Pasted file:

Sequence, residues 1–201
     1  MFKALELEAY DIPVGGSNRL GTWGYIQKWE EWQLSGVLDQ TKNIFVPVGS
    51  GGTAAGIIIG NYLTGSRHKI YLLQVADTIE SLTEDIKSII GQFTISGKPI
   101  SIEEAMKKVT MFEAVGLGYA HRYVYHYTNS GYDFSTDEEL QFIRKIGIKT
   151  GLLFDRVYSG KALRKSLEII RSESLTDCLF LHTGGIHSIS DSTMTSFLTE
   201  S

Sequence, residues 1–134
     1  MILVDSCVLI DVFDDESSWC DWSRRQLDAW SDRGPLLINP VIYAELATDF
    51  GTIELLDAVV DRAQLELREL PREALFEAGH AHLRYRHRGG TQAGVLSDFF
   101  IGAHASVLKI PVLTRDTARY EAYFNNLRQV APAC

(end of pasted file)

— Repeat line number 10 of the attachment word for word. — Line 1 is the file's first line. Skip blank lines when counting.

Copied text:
   101  IGAHASVLKI PVLTRDTARY EAYFNNLRQV APAC